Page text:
Looking to replace your OEM wheels with something more custom? Wheel Suppliers offers a wide variety of aftermarket wheels that fit just about any vehicle out there.
Wheel Offset & Backspacing Explained
Offset refers to how your vehicle’s wheels and tires are mounted and sit in the wheel wells, so that it can freely rotate without rubbing against the fender, brakes, or any suspension components.
This is determined by measuring the distance between the wheel center-line and the mounting surface on the back of the wheel. The offset is measured in millimeters, which can be positive, zero, or negative.
- Zero Offset: When the hub mounting surface is in line with the center-line of the wheel.
- Positive Offset: When the hub mounting surface is in front, or more towards the street side, of the center-line of the wheel. Most wheels on front-wheel drive cars and newer rear-drive cars have positive offset.
- Negative Offset: When the hub mounting surface is behind the wheel center-line. For example, a deep dish wheel is typically a negative offset.
Backspacing is the distance your wheels and tires need to accommodate both offset and wheel width. This is especially important to factor in when the new wheel and tire setup you want is wider than what came on your car from the factory.
Having accurate offset and backspacing measurements means you’ll get a wheel and tire combo that offers the looks, handling and performance you’re after.
Getting them wrong however, could be problematic.
Common Problems From Too Much Positive Offset
- Damage from the inner edge of the wheel and tire rubbing against the bodywork or suspension of the vehicle
- Interference with braking components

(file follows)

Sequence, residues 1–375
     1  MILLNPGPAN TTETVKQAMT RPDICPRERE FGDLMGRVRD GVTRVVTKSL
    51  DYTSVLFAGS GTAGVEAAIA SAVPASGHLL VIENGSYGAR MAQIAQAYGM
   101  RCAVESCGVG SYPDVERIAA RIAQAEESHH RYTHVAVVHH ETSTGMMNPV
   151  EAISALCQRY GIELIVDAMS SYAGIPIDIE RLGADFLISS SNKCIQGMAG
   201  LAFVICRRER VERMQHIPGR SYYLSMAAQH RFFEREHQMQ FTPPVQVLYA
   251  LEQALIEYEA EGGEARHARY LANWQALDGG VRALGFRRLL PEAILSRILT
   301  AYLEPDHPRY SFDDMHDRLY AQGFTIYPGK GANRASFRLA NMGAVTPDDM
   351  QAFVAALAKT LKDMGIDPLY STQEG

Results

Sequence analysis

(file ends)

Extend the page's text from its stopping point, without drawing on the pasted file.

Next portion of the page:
- Risk of tire failure
- Poor handling performance
- Making the vehicle unstable
Common Problems From Too Much Negative Offset
- Increased steering and wheel kick-back
- Additional stress on the vehicle’s suspension components
- Poor handling performance
- New wheels can make your ride look better while increasing handling performance.
- Offset measurements can be tricky. Even if the tire and wheel have enough clearance, the wrong offset can negatively impact vehicle stability. Generally, with new wheels, you don’t want the new offset to be more than 5 millimeters different from the old offset. However, there are specific instances where upgrading to a much more aggressive offset is viable, as long as the correct precautions are taken, such as fender rolling.
- Especially when your new wheels are wider than the originals, backspacing has to be factored in along with offset.
The information provided above is of a general nature gathered from a variety of resources and in-house experiences deemed reasonably reliable. Feel free to get in touch with us and we’d be more than happy to help. If you want to learn more about offsets and fitment, check out our wheel fitment guide.
Shop From a Wide Variety of Offsets
Zero offsets are typically for aggressive fitments on street cars or mild fitments on Jeeps and trucks.
Negative offsets are uncommon on street cars and usually reserved for Jeep, SUV and truck fitment.
Positive offsets are the most common and can be fitted on virtually any vehicle.
In addition to the three offsets mentioned, some manufactures offers custom offsets, built to fit your specific vehicle.